The founder of Briar Prestidge International (BPI) has reacted to the landmark report, by event organiser Arabnet, in partnership with The Mohammed Bin Rashid Establishment for SME Development (Dubai SME).
It analysed 1,423 regional investments in start-ups across the MENA region last year and found that only 14 percent of deals were with start-ups founded by women.
BPI is a PR and media production agency based in Dubai, London and New York, which works with world leaders, CEOs, governments, entertainers and strategists, and Prestidge said she was nonplussed by the key findings of the study - saying it (the gender imbalance) "is also low all over the world".
"From being in the start-up space myself and from running my monthly live talk show event, I have met many other female founders over the years, but often find the start-up ecosystem in Dubai to be a mainly male-dominated world," said Prestidge, who is the organiser of live monthly talk show event series Deals in High Heels. She has also been a participant in a recent Amazon Prime global TV series on entrepreneurship.
While 2018 saw the launch of technology funds focused on women, such as Mindshift Capital, which invests in female-led, early-stage tech businesses at the post-seed, and accelerator programmes to support female entrepreneurs such as Womentum, the Arabnet report also found that more still needs to be done as "very few of the start-ups with female founders raise big-ticket deals".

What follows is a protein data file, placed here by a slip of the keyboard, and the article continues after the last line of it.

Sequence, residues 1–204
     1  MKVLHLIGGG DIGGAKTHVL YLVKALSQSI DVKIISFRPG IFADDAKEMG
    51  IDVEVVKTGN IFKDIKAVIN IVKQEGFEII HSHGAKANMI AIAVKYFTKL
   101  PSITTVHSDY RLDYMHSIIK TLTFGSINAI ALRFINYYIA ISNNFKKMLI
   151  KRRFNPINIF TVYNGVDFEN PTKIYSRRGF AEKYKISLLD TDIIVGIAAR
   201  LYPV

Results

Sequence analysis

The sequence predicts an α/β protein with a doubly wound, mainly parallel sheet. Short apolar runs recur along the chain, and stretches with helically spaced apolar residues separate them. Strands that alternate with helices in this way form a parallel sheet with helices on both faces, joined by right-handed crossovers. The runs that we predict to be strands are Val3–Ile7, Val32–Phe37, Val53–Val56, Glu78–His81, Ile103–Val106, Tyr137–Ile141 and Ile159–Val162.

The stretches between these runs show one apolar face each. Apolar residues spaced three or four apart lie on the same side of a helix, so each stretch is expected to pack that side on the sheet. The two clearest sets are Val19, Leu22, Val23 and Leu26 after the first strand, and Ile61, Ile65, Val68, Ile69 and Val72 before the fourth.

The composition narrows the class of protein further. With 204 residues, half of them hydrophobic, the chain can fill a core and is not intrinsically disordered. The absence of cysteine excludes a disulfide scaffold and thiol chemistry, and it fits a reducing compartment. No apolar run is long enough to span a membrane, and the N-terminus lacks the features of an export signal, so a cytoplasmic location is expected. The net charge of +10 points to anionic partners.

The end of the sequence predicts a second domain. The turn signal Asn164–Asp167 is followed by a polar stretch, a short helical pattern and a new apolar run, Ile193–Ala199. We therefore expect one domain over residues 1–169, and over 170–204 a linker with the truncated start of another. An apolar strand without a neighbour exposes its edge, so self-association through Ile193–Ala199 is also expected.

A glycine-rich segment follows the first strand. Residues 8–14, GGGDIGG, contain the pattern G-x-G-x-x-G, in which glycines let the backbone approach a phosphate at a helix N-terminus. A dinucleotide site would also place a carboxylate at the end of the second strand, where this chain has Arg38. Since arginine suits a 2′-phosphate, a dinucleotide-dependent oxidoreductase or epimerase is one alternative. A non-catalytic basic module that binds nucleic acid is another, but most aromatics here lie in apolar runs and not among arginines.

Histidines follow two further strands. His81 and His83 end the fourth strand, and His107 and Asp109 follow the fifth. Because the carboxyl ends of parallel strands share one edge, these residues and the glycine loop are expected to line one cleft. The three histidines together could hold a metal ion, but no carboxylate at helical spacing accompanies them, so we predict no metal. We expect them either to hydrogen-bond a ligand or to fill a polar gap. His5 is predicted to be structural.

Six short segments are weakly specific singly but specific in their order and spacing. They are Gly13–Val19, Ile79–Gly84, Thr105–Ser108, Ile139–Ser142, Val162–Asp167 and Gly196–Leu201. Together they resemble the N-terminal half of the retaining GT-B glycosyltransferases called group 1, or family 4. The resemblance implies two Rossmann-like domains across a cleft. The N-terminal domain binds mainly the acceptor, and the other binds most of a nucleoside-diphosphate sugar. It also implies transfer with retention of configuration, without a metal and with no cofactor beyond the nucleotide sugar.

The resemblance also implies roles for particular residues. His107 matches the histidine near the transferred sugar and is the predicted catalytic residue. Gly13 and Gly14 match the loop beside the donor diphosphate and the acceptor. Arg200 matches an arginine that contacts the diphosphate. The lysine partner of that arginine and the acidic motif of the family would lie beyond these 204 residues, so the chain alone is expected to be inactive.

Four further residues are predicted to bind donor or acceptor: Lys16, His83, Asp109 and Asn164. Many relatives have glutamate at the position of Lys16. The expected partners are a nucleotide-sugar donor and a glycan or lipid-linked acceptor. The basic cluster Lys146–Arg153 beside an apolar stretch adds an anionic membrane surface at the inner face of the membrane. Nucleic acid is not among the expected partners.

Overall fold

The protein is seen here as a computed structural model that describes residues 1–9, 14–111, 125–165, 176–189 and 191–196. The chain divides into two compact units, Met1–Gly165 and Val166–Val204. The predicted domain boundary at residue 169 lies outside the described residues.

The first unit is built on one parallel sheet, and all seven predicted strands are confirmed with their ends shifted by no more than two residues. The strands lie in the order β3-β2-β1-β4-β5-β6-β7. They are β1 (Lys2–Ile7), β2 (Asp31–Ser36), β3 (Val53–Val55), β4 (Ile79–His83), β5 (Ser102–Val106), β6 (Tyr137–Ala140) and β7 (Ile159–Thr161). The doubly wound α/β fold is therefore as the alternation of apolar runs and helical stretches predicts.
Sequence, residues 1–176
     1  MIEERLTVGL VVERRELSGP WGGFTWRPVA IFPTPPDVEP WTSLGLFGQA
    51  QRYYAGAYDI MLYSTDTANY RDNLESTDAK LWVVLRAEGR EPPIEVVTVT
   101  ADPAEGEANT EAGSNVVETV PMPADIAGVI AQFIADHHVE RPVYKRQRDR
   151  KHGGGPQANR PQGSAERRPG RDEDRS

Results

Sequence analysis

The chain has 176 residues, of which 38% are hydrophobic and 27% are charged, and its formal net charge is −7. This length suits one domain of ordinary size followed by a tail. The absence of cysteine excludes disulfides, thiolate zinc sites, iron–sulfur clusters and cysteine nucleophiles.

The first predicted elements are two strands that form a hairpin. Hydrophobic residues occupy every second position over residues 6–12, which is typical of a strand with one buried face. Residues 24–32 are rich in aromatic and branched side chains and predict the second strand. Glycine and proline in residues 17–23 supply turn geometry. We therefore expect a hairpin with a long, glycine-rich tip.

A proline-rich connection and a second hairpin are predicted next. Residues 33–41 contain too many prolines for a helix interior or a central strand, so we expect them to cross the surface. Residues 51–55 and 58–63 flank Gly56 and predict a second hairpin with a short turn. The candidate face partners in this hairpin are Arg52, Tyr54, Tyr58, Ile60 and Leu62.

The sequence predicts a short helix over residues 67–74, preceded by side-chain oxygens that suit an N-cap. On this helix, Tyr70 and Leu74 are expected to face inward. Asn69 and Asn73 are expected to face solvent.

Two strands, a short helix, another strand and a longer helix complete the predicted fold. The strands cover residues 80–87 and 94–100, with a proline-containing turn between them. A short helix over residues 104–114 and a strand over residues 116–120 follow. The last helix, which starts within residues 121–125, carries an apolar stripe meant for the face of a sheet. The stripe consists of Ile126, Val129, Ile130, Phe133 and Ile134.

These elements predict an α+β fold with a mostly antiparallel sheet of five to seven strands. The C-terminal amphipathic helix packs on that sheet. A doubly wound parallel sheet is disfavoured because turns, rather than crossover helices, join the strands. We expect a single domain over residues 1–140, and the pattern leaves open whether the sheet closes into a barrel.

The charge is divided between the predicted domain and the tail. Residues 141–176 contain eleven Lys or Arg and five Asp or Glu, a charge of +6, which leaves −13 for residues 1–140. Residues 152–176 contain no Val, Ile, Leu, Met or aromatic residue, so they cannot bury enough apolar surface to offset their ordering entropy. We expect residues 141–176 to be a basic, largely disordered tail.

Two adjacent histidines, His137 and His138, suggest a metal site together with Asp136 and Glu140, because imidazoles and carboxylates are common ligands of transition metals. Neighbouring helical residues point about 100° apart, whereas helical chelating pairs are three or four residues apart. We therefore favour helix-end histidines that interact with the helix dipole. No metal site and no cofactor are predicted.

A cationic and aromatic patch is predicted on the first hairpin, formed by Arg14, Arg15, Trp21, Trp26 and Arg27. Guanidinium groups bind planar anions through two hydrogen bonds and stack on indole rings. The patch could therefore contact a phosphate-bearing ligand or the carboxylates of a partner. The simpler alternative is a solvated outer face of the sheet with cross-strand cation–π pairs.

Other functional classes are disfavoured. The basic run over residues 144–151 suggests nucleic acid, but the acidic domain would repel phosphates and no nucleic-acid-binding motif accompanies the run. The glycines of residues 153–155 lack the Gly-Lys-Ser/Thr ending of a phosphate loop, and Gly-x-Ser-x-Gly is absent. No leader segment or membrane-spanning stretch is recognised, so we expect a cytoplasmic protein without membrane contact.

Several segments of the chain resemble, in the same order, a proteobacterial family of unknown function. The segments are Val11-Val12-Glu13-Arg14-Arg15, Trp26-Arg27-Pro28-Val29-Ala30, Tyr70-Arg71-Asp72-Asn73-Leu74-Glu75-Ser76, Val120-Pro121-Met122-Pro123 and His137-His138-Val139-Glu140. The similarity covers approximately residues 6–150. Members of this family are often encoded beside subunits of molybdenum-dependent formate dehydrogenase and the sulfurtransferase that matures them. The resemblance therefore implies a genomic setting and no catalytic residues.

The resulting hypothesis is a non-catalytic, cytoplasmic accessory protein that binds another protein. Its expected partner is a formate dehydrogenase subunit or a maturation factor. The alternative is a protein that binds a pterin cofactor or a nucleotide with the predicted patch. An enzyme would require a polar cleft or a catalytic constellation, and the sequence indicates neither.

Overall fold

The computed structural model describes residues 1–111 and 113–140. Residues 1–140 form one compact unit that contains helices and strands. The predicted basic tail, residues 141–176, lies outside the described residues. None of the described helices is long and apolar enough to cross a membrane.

However, Prestidge, a young entrepreneur originally from a small farm in New Zealand, said she was positive the tide could be turned tide in the Emirates to promote women.
"After coming from New Zealand and living in New York and London prior to living in Dubai, I have always felt welcomed as a female entrepreneur in Dubai, and think that Dubai is an excellent place to run a business," Prestidge said.
"I’ve noticed there has been increased focus on the UAE entrepreneurial ecosystem from the overseas media and producers the last few years, including on female founders.
The last few years there has also been more research carried out on how we can further support women in business, so it will be interesting to see what becomes of this," she said.
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